That moniker has been used a lot over the years. Probably a little too much.
But there’s perhaps no better way to describe the World Cup-bound Canadian men’s soccer team. That’s because they boast a diverse group of 26 players whose families have emigrated from all over the world, making them truly representative of the country’s multicultural makeup.
It’s more than a feel-good story.
It’s something the team takes pride in, and something they’ve used as a rallying point in the lead-up to Canada’s first men’s FIFA World Cup since 1986.
“It’s a team people can relate to,” said Sam Adekugbe, a Canadian defender, born in England, with Nigerian lineage. “Young Black kids can see themselves. Young South Americans can see people like [Lucas] Cavallini and [Jonathan] Osorio. A Serbian kid can see Milan [Borjan] playing … We’re a group of different people from different societies and different backgrounds. When we’re able to gather and unite together, we can bring the nation together because the nation is built of different ethnicities.”
Nearly one of four people living in Canada, about 23% of the population, were born in another country, as per the latest census data released last month. That represents the highest proportion of Canada’s population in more than 150 years, according to Statistics Canada. And in the case of the Canadian men’s national team, the percentage is even higher (27%).
There are seven foreign-born players on Canada’s World Cup roster, listed below with their birthplaces:
- Sam Adekugbe: London, England
- Milan Borjan: Knin, Yugoslavia
- Jonathan David: Brooklyn, New York, USA
- Alphonso Davies: Buduburam, Ghana
- Ismaël Koné: Abidjan, Ivory Coast
- Iké Ugbo: London, England
- David Wotherspoon: Perth, Scotland
This, of course, is not a new phenomenon in a global sport like soccer, which generally allows dual-nationals to represent the country of their choice – provided they fulfill certain conditions. In fact, eight teams at this year’s World Cup have more foreign-born players than Canada. Morocco, one of their Group F opponents, leads the way with 14.
But when you account for all the second-generation Canadians on the roster, defined by Statistics Canada as “individuals who were born in Canada and had at least one parent born outside in Canada,” it’s easy to see why the team’s diversity has become such a big part of their identity.
Junior Hoilett, Cyle Larin, Kamal Miller, Mark Anthony-Kaye, and Derek Cornelius, for example, each had at least one parent born in Jamaica (in addition to his Jamaican mother, Cornelius’ father was born in Barbados). Meanwhile, both of Atiba Hutchinson’s parents, as well as the father of Dayne St. Clair, are from Trinidad and Tobago – making up a strong Caribbean contingent.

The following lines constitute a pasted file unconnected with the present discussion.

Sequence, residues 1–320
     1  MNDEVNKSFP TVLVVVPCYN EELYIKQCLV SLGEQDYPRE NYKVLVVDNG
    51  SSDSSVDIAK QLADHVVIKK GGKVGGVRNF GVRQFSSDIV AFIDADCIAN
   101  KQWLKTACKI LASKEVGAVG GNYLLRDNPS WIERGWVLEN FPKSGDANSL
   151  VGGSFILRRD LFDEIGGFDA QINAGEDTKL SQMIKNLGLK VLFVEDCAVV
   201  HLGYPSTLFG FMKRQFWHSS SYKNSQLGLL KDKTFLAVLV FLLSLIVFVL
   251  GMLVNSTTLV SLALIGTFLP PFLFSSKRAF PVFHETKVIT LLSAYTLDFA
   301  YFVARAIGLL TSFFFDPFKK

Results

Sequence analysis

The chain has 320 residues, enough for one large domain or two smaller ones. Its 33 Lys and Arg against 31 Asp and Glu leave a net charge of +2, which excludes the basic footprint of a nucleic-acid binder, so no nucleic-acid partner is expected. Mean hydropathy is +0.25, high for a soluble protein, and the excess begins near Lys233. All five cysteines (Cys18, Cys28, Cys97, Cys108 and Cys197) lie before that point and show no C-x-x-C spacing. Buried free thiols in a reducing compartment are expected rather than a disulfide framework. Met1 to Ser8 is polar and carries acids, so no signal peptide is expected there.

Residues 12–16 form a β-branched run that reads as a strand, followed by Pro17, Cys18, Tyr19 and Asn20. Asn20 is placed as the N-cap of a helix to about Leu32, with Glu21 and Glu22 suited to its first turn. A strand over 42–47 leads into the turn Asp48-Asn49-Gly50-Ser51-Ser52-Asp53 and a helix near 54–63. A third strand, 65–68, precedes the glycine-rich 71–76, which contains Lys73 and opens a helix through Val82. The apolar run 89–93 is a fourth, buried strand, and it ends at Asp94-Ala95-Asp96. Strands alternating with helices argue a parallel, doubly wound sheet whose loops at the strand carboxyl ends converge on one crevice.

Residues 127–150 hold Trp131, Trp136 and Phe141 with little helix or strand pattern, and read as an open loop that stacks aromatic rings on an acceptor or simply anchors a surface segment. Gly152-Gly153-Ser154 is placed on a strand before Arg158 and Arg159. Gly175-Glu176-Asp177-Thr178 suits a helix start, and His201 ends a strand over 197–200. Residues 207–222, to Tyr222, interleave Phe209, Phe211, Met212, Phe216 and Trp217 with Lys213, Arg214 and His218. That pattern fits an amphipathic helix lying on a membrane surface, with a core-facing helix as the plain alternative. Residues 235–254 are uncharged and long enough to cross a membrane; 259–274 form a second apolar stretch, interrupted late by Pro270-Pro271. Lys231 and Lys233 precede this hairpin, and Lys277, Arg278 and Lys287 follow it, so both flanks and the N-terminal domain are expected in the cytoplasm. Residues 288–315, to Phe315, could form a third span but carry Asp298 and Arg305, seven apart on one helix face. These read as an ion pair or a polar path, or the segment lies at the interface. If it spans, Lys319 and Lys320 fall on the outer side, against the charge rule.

Jonathan Osorio, whose parents were born in Colombia, and Lucas Cavallini, whose father is from Argentina, both have South American roots and spent time in Uruguay during their youth.
Moving over to Europe, the parents of both Stephen Eustáquio and Steven Vitória were born in Portugal, while Alistair Johnston’s mother is from Northern Ireland.
And Richie Laryea is the son of Ghanaian immigrants.
“I tell people all the time, this country saved my family’s life,” Laryea recently said in an MLS video.
According to Canada’s head coach John Herdman, an immigrant himself, the “safety” that Canada has provided these players and their families is an important part of this story.
“I’m an Englishman in Canada who was able to win an Olympic medal in a country that’s accepted you,” he said. “You’ve been able to achieve things, somewhere where you feel safe. I’ve said this all along. In any culture, sporting culture, when people feel safe, they’re able to perform their best. I think that’s what this country does. It creates a safety for people that come to this country from outside, whether it’s been as a refugee or an immigrant worker, you’re able to reach limits that you wouldn’t potentially arriving in other countries.”
The face of all this for Canada?
A kid born in a refugee camp wasn’t supposed to make it! But here we are GOING TO THE WORLD CUP. Don’t let no one tell you that your dreams are unrealistic. KEEP DREAMING, KEEP ACHIEVING! pic.twitter.com/GT4hjz4ebO
— Alphonso Davies (@AlphonsoDavies) November 13, 2022
Born on the Buduburam refugee camp in Ghana to Liberian parents who had fled the civil war, which is estimated to have claimed the lives of 250,000 civilians, Davies “wasn’t supposed to make it,” as he tweeted after being named to Canada’s World Cup roster. But his family came to Canada for a better life, and he’s talked about how this World Cup is an opportunity for him to “give back.”
He’s not alone.
“Canada gave us peace, better schools, better life, better everything,” goalkeeper Milan Borjan famously said earlier this year. “This is just the way [for] us to return it to Canada.”